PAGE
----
US 3894144 A
Sulfate-containing basic aluminum chlorides in the form of aqueous solutions or in solid form are made by reacting concentrated hydrochloric acid with aluminum hydroxide at elevated temperature; then reacting the thus formed aluminum chloride in a pressure vessel with further aluminum hydroxide and an amount of concentrated sulfuric acid to provide for a ratio of Cl to SO4 (y:z/2) between 8:1 and 80:1; thereafter heating the mixture under autogenous pressure to between 130 DEG and 200 DEG C and finally separating out unreacted aluminum hydroxide and, if a solid is wanted, evaporating the water.
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Description (OCR text may contain errors)
United States Patent 1 Becher et al.
[451 July 8,1975
 Inventors: Wilfried Becher, Anderten, Ub.
I-lan.; Joachim Massonne, l-Iannover, both of Germany  Assignee: Kali-Chemie Aktiengesellschaft,
l-lannover, Germany 22 Filed: Feb. 17,1972
21 Appl. No.: 227,301
 Foreign Application Priority Data Feb. 19, 1971 Germany 2107970 Dec. 22, 1971 Germany 2163711  U.S. Cl 423/467; 423/462  Int. Cl C01b 17/46  Field of Search 423/467, 462
 References Cited UNITED STATES PATENTS 1,430,449 9/1922 Howard 423/495 2,369,691 2/1945 Schmerling et a1... 423/467 2,493,262 l/1950 Porvasnik 423/467 3,544,476 12/1970 Aiba et al. 423/556 X FOREIGN PATENTS OR APPLICATIONS 1,334,336 7/1963 France 423/467 Primary ExaminerEdward Stern Attorney, Agent, or F irmMichael S. Striker [57 ABSTRACT Sulfate-containing basic aluminum chlorides in the form of aqueous solutions or in solid form are made by reacting concentrated hydrochloric acid with aluminum hydroxide at elevated temperature; then reacting the thus formed aluminum chloride in a pressure vessel with further aluminum hydroxide and an amount of concentrated sulfuric acid to provide for a ratio of C1 to S0,, (y:z/2) between 8:1 and 80:1; thereafter heating the mixture under autogenous pressure to between 130 and 200C and finally separating out unreacted aluminum hydroxide and, if a solid is wanted, evaporating the water.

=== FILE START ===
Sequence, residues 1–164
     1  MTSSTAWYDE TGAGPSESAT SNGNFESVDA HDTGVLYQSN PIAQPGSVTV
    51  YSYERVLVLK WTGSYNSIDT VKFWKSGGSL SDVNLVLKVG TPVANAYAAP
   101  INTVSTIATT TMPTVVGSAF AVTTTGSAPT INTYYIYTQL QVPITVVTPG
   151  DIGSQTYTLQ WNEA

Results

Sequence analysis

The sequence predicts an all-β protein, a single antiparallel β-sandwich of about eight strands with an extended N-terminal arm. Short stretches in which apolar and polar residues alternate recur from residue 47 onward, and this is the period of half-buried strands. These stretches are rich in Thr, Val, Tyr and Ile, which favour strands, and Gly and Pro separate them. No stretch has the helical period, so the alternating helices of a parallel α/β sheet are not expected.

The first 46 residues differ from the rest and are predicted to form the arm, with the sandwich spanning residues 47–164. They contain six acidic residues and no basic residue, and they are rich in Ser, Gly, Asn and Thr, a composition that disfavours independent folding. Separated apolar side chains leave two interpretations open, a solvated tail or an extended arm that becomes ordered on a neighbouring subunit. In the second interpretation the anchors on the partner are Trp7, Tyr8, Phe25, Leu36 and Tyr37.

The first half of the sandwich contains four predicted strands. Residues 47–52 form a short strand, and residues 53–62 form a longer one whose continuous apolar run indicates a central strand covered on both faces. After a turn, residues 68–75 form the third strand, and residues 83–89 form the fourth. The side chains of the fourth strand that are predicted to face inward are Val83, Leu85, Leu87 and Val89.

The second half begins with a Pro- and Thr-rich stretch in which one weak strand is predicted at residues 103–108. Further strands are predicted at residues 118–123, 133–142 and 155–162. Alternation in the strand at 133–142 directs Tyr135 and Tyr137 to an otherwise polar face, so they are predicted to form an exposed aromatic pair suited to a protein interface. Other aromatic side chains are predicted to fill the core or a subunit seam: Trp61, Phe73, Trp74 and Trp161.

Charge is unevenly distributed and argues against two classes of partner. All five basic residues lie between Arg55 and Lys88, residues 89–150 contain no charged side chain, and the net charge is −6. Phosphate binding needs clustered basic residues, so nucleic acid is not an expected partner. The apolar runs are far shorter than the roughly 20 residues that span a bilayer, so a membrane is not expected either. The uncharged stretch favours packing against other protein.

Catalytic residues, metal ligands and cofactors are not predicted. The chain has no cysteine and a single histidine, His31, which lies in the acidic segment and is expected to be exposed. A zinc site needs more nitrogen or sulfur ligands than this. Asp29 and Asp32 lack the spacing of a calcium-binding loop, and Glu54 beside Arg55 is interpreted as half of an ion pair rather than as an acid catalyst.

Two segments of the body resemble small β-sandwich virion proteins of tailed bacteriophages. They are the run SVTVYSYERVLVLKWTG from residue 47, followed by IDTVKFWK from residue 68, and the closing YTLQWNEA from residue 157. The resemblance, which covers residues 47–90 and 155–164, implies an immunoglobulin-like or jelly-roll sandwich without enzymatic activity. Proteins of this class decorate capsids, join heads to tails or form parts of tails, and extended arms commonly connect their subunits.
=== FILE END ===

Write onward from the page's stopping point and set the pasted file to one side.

The aluminum chlorides thus obtained have the formula ).r y( 4)zl2]n wherein x +y z 3, y z is a value between 1 and 2 and z is a value between 0.02 and 0.3.
The basic aluminum chlorides are particularly useful for sewage treatment and can also be used for impregnating textiles and as components in cosmetic preparations.